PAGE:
Day of Your Operation

Interpreting Your Photograph


You get a photo for Facebook, and for your refrigerator

Almost all our our patients get a photograph of their parathyroid tumor (or tumors). We typically give this photo to your family member in the waiting room right after we are finished with your operation. Since your family has the photo, you (the patient) will see it first when your family comes into the recovery room to visit with you after you have woken up and are feeling good. If you are by yourself, we will give it to you when you wake up.

We will discuss your photo with you

Keep your photo out and on the little table next to your bed because the surgeons will talk about it when they come to say goodbye to you before you leave. Don’t put the picture in your purse, ’cause you will just have to pull it out again.

A benign, hormone-producing tumor

Hyperparathyroidism is caused by one (or sometimes, more than one) of your parathyroid glands developing into a tumor. Parathyroid tumors are not cancerous– thus we do not biopsy them to see if they are cancerous. These tumors cause disease because they produce too much parathyroid hormone (PTH). This hormone circulates in your blood, attacking your bones and making you feel bad. Remove the tumor, and the process stops.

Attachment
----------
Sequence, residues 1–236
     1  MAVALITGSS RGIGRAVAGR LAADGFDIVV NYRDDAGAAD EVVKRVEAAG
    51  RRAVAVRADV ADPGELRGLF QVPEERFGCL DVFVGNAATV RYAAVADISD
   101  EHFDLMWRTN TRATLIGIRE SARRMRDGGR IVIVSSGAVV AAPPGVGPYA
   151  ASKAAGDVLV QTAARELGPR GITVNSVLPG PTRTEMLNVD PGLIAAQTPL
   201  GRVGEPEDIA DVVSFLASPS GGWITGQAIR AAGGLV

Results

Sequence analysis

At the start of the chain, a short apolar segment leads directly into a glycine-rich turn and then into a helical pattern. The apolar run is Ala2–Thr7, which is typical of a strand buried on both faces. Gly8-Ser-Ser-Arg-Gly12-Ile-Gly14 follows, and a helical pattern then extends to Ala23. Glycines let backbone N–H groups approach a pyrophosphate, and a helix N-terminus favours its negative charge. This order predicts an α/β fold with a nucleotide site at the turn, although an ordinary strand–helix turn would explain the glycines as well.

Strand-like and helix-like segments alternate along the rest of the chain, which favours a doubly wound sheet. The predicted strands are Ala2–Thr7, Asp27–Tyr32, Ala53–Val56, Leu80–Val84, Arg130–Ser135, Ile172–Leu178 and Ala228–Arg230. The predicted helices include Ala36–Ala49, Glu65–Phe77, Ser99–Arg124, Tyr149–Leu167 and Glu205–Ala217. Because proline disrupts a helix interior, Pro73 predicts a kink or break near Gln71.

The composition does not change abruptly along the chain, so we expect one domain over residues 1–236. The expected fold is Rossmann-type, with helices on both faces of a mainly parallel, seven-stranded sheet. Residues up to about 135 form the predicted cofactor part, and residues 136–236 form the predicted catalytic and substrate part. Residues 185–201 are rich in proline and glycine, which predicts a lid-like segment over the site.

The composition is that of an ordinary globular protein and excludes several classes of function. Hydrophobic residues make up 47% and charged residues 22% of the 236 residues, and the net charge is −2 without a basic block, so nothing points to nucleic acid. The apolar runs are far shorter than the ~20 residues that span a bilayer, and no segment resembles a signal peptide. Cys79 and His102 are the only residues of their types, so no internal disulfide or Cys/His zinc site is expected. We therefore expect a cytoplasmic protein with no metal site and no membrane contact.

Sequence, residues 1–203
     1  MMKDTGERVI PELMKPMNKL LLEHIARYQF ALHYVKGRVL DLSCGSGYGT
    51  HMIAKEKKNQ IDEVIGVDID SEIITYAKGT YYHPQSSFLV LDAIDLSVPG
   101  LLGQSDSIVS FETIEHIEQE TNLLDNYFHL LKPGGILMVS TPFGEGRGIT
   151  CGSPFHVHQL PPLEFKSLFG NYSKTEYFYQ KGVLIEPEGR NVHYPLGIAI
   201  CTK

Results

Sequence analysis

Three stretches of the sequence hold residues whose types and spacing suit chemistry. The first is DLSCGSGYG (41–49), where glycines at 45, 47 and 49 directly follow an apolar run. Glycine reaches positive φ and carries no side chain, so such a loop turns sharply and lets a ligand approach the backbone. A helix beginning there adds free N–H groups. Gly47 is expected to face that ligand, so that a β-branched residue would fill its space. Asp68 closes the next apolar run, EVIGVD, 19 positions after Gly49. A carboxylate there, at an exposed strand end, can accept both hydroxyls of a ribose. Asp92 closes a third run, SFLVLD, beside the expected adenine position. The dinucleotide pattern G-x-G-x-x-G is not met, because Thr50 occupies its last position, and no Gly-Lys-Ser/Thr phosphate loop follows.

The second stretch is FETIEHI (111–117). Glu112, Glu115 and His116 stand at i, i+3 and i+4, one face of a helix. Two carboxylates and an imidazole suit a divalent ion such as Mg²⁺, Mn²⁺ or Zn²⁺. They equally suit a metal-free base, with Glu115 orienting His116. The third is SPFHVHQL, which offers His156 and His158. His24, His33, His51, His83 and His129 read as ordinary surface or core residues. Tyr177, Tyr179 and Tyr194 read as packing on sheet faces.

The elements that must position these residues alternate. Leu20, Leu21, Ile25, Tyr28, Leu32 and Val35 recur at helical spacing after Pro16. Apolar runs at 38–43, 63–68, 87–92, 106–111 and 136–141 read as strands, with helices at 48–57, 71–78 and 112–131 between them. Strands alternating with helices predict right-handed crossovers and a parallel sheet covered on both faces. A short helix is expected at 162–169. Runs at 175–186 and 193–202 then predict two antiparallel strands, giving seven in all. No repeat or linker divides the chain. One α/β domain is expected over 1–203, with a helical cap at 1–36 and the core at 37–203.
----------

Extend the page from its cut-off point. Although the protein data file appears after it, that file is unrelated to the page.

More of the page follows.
Yes, you can “live with” fewer than 4 parathyroid glands (actually, 1/2 of one is all you really need). When we remove the parathyroid tumor the “normal” gland that it grew from will be removed with it. Most of you will leave here with 3 normal glands and a photo of one bad gland (the benign parathyroid adenoma).

We photograph the parathyroid tumors (adenomas) that we remove. You will get a copy of this picture, and all of your doctors will get a copy mailed to them. Seeing the photo helps reinforce the fact that hyperparathyroidism is caused by the formation of a tumor, and its removal will cure the disease.

The majority of people with primary hyperparathyroidism have one parathyroid tumor and three normal glands. Around 20-30% of people will have two tumors (increasing incidence with age). If this is you, you will see two of them on your photo. Very few folks (less than 3%) will have 3 or 4 bad glands. And no, we never take out all four; we take out 3.X of the worst ones. But please don’t worry about this, very few people have 4 bad glands. This is why you came to see us, because we know what to do.

Photo is actual size

The photo shows the tumor “actual size.” There is no “scale” in the picture … this is the actual life size of the parathyroid tumor(s) we remove. Put a piece of rice on your photo if you want to see how big the tumor is compared to a normal gland.

What does the number mean?

We are the only surgeons in the world who measure the PTH hormone that is being produced by the tumor as it is happening. During the operation we measure the amount of hormone produced by each parathyroid gland (this takes about 3 seconds). Normal parathyroid glands are small (about the size of a grain of rice), yellow, and soft; but we also know they are normal because we measure them and show that their production of parathyroid hormone (PTH) is near zero.

Parathyroid tumors (adenomas), on the other hand, are typically much bigger, red/purple in color, and much more firm. Adenomas also produce lots of hormone which, of course, is what is driving the disease. Unfortunately, some parathyroid glands are a little bigger than “normal” so there is no way to tell if they are good or bad by just looking at them. This is where the probe is really helpful because it can tell if the gland is asleep (normal) or not.